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Abstract, Researchgate, 2014

The term genetic resources, or germplasm, refers to propagating material of plants and animals, including seeds, pollen, vegetative propagules and animal semen. It can also encompass whole plants and animals, in their role as reservoirs of genetic material. Germplasm forms the basis of plant and animal reproduction, and thus of the conservation and generation of genetic diversity. Although germplasm conservation is usually thought of as a tool for making the diversity of crops and their wild relatives available to plant breeders, it is now recognised as having equally important roles in the reintroduction of traditional crops to farm fields or gardens, or of wild species to wild habitats.

In theory, germplasm and ethnobiology should be closely interlinked. Plant germplasm, for example, has two central attributes that are relevant to ethnobiology: use, and threatened conservation status. A significant proportion of all plants fall directly within the ‘useful plants’ brief of the ethnobotanist. Karl Hammer et al. (2003: 242) have estimated that about 122,000 of the world’s approximately 300,000 known higher plant species are useful as crops or crop wild relatives, and there are probably tens of thousands of species that humans can use for other purposes. The vulnerable status of a significant proportion of plants is not disputed: between a quarter and a third of all plant species are threatened by extinction, and massive losses of agricultural biodiversity have occurred over the past 50 years. For ethnobiology, a discipline much concerned with sustainable development, germplasm conservation is clearly central. Yet, the three most-used ethnobotany manuals barely mention germplasm or genebanks, and the same is true of almost all ethnobotanical papers (Martin, 1995; Alexiades, 1996; Anderson et al., 2011).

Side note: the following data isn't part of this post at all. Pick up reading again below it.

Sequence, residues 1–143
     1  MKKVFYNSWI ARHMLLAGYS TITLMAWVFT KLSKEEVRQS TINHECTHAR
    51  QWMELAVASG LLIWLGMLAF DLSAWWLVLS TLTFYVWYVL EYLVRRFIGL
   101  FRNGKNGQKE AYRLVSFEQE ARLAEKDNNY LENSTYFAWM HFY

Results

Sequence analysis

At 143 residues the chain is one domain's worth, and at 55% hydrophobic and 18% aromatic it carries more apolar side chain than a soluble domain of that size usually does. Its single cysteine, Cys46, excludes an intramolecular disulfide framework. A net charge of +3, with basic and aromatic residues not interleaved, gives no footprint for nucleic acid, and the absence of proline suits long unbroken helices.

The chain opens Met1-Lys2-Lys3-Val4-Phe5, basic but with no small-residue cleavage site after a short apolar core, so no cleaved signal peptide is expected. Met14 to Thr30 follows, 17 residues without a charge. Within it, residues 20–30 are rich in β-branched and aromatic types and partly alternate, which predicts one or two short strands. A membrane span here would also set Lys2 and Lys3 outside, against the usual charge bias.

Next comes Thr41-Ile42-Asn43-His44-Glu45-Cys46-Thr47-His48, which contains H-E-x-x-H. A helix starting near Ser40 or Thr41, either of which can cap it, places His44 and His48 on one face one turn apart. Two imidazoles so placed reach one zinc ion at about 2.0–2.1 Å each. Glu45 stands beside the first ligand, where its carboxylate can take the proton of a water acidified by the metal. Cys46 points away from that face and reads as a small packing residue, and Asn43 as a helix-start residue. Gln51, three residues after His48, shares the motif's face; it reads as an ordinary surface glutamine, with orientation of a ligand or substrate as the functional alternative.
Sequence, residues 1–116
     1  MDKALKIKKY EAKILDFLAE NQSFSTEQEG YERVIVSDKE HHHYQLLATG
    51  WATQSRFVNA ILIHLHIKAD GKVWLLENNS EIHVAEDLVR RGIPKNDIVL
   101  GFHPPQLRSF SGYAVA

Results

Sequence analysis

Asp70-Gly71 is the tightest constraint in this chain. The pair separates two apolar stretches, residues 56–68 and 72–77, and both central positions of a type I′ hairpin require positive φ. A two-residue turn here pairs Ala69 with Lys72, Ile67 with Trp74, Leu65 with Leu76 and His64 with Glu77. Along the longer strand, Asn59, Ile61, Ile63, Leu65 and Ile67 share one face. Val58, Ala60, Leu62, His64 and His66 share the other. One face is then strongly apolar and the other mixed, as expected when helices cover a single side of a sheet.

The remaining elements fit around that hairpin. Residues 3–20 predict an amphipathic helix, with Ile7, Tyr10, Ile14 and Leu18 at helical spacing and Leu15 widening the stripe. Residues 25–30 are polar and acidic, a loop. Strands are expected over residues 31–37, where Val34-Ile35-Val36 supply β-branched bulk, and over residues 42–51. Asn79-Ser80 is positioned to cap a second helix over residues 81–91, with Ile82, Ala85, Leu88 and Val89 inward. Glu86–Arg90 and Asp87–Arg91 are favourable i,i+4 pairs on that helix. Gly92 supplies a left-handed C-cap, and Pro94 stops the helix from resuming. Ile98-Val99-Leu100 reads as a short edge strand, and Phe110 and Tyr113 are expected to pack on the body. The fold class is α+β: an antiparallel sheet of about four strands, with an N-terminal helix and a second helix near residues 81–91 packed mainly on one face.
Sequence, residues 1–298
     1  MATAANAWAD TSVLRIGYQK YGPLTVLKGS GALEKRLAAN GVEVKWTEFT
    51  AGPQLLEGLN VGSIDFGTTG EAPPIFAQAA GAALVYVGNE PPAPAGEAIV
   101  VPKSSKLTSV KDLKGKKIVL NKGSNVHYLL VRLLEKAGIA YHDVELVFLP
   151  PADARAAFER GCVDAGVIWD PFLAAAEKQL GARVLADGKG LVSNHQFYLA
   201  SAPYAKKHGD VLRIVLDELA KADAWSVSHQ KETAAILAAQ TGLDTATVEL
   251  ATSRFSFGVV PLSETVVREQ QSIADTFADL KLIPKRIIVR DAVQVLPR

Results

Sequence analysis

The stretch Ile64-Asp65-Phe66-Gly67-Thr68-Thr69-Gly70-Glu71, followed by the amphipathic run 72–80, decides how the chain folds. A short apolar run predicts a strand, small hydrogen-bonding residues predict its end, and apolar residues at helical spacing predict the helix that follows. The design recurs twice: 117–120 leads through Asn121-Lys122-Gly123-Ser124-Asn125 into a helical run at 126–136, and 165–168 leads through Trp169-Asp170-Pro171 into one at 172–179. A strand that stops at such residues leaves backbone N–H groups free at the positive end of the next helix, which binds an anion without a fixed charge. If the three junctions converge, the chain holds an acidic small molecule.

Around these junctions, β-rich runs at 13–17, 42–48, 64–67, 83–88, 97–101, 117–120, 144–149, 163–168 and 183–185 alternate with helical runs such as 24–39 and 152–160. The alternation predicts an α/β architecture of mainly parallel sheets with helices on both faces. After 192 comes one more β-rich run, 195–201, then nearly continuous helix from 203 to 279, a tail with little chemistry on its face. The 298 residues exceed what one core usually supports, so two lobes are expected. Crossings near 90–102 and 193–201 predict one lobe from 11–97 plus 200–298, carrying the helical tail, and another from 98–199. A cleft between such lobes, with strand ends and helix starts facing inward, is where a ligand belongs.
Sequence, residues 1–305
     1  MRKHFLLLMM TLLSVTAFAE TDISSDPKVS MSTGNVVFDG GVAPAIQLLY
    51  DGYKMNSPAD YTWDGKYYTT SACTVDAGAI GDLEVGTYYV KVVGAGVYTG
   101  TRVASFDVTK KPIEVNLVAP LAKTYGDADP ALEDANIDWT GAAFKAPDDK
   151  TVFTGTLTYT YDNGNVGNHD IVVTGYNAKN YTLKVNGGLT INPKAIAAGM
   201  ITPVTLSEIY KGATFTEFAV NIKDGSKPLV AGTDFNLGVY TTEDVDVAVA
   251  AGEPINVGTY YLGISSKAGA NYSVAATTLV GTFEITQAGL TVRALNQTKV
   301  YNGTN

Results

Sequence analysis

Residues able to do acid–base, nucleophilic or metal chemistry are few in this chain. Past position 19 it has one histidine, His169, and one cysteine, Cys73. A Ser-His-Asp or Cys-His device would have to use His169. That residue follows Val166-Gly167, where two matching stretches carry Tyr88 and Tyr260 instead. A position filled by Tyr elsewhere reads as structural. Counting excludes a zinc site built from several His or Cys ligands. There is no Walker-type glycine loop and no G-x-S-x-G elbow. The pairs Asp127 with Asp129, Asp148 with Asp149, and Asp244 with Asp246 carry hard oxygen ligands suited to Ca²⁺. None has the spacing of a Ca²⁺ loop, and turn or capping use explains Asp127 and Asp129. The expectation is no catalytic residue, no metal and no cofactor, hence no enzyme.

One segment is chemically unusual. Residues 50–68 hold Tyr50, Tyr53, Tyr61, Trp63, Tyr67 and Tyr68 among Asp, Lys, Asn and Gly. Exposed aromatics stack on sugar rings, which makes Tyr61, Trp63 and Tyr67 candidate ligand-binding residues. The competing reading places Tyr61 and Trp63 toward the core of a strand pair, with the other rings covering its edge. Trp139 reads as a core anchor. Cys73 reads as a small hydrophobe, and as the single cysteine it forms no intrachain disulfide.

In this chapter we have two aims. The first is to orientate ethnobiologists in the variety of techniques used to preserve germplasm. Although it is now widely accepted that an approach that uses and integrates all of these will be most successful in preserving biodiversity, publications still tend to cover just one technique. Here, we touch on all, although giving most attention to seed genebanks. Second, we put forward some suggestions on how the ethnobiologist can integrate genebank collections into their research and practice. We expect these will also be useful to institutional germplasm curators seeking to take a more ethnobotanical approach to collections. In this chapter, we give details of storage practices for plant and animal germplasm at the United States’ National Center for Genetic Resources Preservation, but in general we avoid giving too much detail on collecting and curation, as these topics are well covered in guides, many available online.